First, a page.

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Queen’s Award for Carbon8 Systems

Dr Paula Carey

Carbon-capture company receives prestigious accolade for its accelerated carbonation technology

CARBON8 Systems, the Kent-based world leaders in the permanent capture of carbon dioxide using industrial waste and contaminated soils, have received the Queen’s Award for Enterprise: Innovation 2017.

The company, formed in 2006 and a spin out from the University of Greenwich, has successfully put its patented accelerated carbonization technology (ACT) into commercial operation to create what is said to be the world’s first truly carbon-negative aggregate.

The award will help Carbon8 Systems achieve their vision of creating a global portfolio of waste-treatment plants that make a significant contribution to preserving the environment through the permanent capture of waste carbon dioxide (CO2).

Carbon8 Systems’ ACT technology combines CO2 gas with industrial wastes, such as cement dusts, steel slags, oil shale ash, incinerator ash or paper ash, and contaminated soils, to form new products. They can then be used as carbon-negative construction materials by the building industry, thus protecting natural resources, removing the waste from landfill and promoting sustainable construction.

ACT was developed by Professor Colin Hills, technical director of Carbon8 Systems, and Dr Paula Carey, the company’s managing director, in the School of Engineering and Science at the Medway campus of the University of Greenwich.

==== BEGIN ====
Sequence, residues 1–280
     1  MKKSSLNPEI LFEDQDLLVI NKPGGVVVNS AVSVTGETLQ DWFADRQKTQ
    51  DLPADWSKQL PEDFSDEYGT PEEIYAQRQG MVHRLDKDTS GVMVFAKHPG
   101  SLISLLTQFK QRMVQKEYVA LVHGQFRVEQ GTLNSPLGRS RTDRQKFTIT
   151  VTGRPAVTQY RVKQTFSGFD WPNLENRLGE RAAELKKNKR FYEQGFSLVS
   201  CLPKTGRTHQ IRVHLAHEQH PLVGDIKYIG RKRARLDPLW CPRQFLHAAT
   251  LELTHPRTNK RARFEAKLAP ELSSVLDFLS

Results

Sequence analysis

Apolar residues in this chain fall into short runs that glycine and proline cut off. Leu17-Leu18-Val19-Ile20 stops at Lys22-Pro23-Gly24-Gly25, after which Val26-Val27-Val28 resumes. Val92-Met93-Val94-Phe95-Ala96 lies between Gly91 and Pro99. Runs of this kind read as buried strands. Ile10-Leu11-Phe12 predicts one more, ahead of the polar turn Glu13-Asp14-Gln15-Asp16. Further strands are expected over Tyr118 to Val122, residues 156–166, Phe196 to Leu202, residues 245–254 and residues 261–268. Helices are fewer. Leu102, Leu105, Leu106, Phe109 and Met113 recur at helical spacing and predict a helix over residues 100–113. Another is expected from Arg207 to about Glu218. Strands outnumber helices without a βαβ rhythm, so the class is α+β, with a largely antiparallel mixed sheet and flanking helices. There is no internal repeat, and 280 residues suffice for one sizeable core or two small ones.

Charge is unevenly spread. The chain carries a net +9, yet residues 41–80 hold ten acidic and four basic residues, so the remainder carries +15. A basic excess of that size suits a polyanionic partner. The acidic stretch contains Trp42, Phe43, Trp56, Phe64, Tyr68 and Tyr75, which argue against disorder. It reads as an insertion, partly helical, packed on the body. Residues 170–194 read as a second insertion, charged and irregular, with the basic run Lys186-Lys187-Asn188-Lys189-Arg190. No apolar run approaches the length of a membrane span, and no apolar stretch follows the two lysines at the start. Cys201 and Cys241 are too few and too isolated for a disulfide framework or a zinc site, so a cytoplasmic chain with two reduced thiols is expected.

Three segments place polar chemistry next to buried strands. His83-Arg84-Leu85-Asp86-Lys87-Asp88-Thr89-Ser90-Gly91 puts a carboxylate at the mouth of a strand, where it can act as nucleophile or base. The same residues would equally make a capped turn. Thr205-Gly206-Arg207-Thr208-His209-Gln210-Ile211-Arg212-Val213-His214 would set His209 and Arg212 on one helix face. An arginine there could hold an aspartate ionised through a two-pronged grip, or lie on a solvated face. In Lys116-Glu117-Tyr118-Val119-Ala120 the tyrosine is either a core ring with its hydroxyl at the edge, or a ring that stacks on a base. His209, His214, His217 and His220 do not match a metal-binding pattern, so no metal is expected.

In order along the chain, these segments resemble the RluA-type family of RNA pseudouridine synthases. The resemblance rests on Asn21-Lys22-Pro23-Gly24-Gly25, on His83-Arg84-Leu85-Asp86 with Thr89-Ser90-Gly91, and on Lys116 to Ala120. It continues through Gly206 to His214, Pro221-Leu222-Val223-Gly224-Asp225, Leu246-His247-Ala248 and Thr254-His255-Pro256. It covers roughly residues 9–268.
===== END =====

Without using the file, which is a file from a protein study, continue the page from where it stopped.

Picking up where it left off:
Announcing receipt of the award, Dr Paula Carey (pictured) said: ‘The Queen’s Awards are recognized around the world and provide customers with confidence of a company’s commercial and technological edge.

‘Having successfully commercialized ACT for one specific waste stream in the UK, we are now working with some of the largest businesses in the world, including HeidelbergCement, Shell, LafargeHolcim, Saint Gobain and ArcelorMittal, to commercialize ACT throughout Europe, North America and Asia.’

Carbon8 Systems have been at the forefront of promoting carbonation as one of the most effective carbon dioxide utilization (CCU) technologies to help manage carbon dioxide emissions, with contributions to the UN GEO6 report, the Global Carbon Initiative (GCI) report, and several reports to the UK government.

The company is also a founding member of the European Association for Carbon Dioxide Transformation (ASCOT).

In 2010, Carbon8 Systems licensed the technology to Carbon8 Aggregates, who then built the world’s first commercially operational ACT plant at Brandon, in Suffolk, supported by investment from Grundon Waste Management. A second ACT plant opened at Avonmouth, near Bristol, in 2016, and a third plant, in Leeds, has recently been granted planning permission.

Professor Hills added: ‘This is a huge vote of confidence in the technology which mineralizes carbon and gives wastes value, and is a unique example of innovative UK low-carbon technology.

‘Being acknowledged globally for our innovation will now spur us on to translate this into successful international trade deals, and support sustainable construction around the world.’

The Carbon8 Systems team will receive their award from the Lord Lieutenant of Kent and attend a royal reception at Buckingham Palace, hosted by HM The Queen, later this year.

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